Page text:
This season, we’ve had neutral referees for all of our games, bar two. The reason we don’t have neutral TMOs at the moment is two-fold.
One is cost and the other is availability. Cost we can deal with, that’s an easy thing, we can fund that.
Availability is the key thing. All the TMOs have other jobs.
Probably the age range is between 40 and 55 and they have all got pretty good professional jobs.
To have neutral TMOs for every game, you would be asking them to travel 15 rounds out of 21, on top of European games where they travel anyway.
So we would be asking them to travel maybe 20 to 25 weeks a year, with international matches. That’s then using up all their holiday to travel to games.
At the moment, we just haven’t got the personnel that are willing to do that.
Q: Could you not set up a dedicated group of full-time TMOs who could work remotely from a TV studio, meaning they wouldn’t have to travel to games?
A: That could be an option. I know World Rugby are looking into having full-time TMOs on the international panel.
When I came into the job two years ago, we didn’t even have full-time referees in the tournament. That was the initial priority.
From next season, all of our referees will be full-time, which is a big jump forward to what it has been in the past.
We are looking at ways we can get the TMO better.
We have looked at the Hawkeye freeze frame system, which will be used at the World Cup. We are doing some trials on that and will look to see if we can get that in situ for next year.
We have looked at the possibility of setting up a TMO bunker like they do with the NRL and NFL.
But wherever you put them, there is still going to be that human factor where people disagree about a decision.
If we have a remote unit, it certainly won’t be done for next season. It would have to go through a staged process of cost analysis.
It could be an option, we are definitely looking into it. Whether it’s the best option I don’t know.
In terms of having all the TMOs being neutral next season, if we can do it, we will do it.
We can get around the cost. It’s availability.
The question posed to the Unions is can they provide personnel to be TMOs who are going to be available to travel 15 weeks of the year.
If they all come back and say ‘Yes we can do that’ then we will have neutral TMOs.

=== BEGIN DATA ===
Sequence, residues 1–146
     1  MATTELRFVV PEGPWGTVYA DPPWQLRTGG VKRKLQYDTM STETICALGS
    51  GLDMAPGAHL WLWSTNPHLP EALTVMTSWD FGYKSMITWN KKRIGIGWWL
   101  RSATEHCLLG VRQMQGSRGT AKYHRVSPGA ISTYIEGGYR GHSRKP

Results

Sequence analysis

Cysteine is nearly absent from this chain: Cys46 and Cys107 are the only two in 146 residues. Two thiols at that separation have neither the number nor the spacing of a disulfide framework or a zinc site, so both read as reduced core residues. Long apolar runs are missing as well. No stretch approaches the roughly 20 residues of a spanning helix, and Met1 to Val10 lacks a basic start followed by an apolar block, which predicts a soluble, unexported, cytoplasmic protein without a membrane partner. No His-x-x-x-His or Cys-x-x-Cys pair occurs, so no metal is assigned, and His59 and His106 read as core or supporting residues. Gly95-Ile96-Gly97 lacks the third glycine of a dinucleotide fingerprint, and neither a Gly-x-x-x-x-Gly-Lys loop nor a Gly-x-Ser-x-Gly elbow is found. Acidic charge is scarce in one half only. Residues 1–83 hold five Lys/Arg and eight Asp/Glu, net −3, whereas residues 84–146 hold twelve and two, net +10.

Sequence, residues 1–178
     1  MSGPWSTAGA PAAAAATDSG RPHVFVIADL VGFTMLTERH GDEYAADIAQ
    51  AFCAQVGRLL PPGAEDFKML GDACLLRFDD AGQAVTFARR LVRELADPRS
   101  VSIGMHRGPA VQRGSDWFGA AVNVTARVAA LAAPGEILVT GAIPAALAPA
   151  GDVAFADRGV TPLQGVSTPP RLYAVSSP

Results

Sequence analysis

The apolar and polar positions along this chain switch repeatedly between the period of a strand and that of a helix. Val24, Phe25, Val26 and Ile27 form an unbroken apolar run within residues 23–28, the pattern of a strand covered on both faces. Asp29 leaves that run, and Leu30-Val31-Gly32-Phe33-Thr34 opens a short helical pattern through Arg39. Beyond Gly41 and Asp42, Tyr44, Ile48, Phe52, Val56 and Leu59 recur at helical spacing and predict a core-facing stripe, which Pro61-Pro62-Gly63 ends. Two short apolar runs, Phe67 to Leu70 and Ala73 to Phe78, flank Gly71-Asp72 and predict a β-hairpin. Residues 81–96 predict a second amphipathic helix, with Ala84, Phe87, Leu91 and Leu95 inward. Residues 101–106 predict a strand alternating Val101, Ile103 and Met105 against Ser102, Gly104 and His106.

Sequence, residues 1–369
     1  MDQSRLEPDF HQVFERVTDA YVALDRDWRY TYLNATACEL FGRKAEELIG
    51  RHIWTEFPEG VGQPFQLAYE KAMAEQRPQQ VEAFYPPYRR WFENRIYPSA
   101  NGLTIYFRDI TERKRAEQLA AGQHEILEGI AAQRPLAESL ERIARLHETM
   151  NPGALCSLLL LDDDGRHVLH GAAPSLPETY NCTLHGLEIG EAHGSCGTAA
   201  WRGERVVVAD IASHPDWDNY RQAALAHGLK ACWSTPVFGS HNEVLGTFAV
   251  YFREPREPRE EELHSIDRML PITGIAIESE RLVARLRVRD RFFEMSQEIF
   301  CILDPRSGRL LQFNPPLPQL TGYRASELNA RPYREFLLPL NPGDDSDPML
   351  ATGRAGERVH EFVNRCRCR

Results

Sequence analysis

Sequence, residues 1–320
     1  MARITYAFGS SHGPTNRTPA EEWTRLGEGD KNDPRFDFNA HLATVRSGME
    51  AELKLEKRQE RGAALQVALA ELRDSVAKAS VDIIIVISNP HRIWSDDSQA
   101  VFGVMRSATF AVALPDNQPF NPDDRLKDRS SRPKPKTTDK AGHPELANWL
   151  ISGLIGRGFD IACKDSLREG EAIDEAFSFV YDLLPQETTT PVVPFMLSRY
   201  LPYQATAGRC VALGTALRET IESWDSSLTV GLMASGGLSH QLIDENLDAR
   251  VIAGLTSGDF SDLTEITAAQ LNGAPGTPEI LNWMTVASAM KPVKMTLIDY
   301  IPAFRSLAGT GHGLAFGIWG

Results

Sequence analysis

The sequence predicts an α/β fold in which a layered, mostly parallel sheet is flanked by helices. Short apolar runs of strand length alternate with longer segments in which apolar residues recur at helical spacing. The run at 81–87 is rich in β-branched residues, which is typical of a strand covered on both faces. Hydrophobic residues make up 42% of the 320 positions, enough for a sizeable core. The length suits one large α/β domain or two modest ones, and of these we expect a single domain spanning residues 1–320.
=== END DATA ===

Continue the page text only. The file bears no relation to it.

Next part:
As you say, it takes the conversation away from the personal neutrality.
Q: How do you feel about that conversation and the questioning of the impartiality of officials that you see from some fans?
A: I can totally understand where they are coming from.
These people are fans. These are the people we want to be involved in the game, so we have to listen to them.
They are the future of the game, the future of the business.
It’s their opinion. I value their opinion. I don’t get annoyed by it.
Q: Another decision that provoked debate recently was Ben Whitehouse issuing just a yellow card to Benetton’s Tommaso Benvenuti for a high hit on Munster’s Stephen Archer and referring to “medium force” in his explanation. Benvenuti was cited after the game and banned for two weeks. Can you clear that one up?
A: We are encouraging referees to become more reflective and be more open about their performance.
The first thing Ben did when he got back from Italy on the Sunday was to phone me and ask if we could meet up to go through the game.
I said yes, of course. Ben is our future, he’s a really good referee.
We met up and the first thing he said to me was ‘Look, it should have been a red card’.
That’s from him. That wasn’t from me telling him.
He had taken a step back, looked at it on the way home and gone that should have been a red card.
He even questioned himself and said he didn’t know why he had started talking about medium force. I think he confused himself.
The way he explained it is Stephen Archer got tackled upright and as he tried to wrestle the ball away, his head turned, as Benvenuti was coming in with the shoulder.
Ben saw that head turn and in his mind that was his mitigation down from a red to a yellow and then he just didn’t explain it very well.
My challenge to him was why did you think that was a yellow card and why didn’t you explain it better.
Look, it was a red card, that was our collective opinion on review.
But the great thing was Ben identified that before anybody had spoken to him.
That shows a real strength of character in him as an individual and what we are trying to promote in the referees.
Q: What are your thoughts about coaches complaining about decisions?
A: You have to have dialogue with all 14 coaches.
There are occasions that decisions happen on the pitch that they don’t agree with.